The Hemozoin Conundrum: Is Malaria Pigment Immune-Activating, Inhibiting, or Simply a Bystander?

Trends Parasitol. 2013 Oct;29(10):469-76. doi: 10.1016/j.pt.2013.07.005. Epub 2013 Aug 10.

Abstract

In malaria, hemozoin (Hz) is released during erythrocyte rupture, and subsequent phagocytosis appears to cause important immune-modulatory effects. Hz obtained from Plasmodium falciparum cultures or synthesized from heme is used to study this modulation in vitro. Immune-activating and suppressive effects have been reported, and these discrepant results are often attributed to the different types of Hz that were used. However, it remains unclear which type of Hz accurately reproduces what happens in vivo. Importantly, Hz remains in the body for long periods and appears to be actively redistributed. Thus, phagocytosis of Hz in the body is not static but probably happens more than once, and the characteristics of Hz may change over time, eventually causing different immune-modulatory effects.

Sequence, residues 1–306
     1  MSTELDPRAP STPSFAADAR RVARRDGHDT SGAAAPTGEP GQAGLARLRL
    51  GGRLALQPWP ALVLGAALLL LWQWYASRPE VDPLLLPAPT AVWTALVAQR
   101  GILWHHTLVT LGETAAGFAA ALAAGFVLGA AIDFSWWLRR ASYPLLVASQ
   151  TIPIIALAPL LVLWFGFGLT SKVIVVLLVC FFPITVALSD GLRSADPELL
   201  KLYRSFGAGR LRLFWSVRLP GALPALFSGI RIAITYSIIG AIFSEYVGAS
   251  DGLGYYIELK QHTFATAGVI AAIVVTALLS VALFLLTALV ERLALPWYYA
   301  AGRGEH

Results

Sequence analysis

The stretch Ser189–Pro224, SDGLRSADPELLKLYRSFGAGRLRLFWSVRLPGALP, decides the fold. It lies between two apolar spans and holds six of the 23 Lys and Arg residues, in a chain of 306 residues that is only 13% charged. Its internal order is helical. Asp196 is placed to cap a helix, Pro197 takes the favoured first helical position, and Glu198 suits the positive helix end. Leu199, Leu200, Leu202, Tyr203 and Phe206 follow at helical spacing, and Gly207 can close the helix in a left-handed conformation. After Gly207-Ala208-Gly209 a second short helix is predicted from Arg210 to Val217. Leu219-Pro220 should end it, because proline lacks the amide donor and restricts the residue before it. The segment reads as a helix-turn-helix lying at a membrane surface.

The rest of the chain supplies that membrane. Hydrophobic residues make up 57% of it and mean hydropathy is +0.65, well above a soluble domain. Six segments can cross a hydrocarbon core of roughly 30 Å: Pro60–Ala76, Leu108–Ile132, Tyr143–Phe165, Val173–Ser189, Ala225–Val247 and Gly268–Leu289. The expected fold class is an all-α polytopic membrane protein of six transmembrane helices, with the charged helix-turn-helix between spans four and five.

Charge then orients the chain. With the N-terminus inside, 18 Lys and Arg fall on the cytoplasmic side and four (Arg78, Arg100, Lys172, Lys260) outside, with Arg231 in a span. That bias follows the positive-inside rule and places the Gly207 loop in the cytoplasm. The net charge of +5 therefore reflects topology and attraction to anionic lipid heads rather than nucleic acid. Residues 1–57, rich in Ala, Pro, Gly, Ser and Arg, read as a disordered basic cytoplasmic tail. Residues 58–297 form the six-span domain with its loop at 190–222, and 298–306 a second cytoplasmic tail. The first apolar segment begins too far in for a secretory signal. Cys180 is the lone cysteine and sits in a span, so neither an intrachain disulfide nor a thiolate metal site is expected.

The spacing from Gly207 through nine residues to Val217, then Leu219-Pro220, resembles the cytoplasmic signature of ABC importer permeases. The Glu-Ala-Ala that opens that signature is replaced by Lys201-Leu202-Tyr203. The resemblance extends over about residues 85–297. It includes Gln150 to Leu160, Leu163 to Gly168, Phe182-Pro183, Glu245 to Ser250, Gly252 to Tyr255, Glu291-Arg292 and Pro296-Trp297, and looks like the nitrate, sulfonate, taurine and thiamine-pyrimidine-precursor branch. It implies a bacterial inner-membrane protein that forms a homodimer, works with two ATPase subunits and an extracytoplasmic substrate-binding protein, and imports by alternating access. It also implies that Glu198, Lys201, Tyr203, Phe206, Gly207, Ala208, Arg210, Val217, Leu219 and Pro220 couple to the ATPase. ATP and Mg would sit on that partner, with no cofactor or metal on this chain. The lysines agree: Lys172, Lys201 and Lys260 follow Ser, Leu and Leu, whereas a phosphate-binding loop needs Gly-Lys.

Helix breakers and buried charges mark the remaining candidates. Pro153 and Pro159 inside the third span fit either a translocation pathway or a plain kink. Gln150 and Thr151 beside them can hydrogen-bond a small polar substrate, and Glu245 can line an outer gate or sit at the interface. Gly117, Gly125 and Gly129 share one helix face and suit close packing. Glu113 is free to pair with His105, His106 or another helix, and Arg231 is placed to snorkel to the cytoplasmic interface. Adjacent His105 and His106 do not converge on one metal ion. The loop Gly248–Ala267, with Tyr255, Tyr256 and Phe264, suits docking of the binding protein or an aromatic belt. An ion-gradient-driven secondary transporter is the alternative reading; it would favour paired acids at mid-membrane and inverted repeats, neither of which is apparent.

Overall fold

Keywords: hemozoin; immune modulation; persistence in tissues; phagocytosis.

MeSH terms

  • Animals
  • Erythrocytes / immunology
  • Erythrocytes / parasitology
  • Hemeproteins / immunology*
  • Hemeproteins / metabolism*
  • Humans
  • Malaria, Falciparum / immunology
  • Malaria, Falciparum / parasitology
  • Malaria, Falciparum / pathology
  • Plasmodium falciparum / immunology
  • Plasmodium falciparum / physiology*

Substances

  • Hemeproteins
  • hemozoin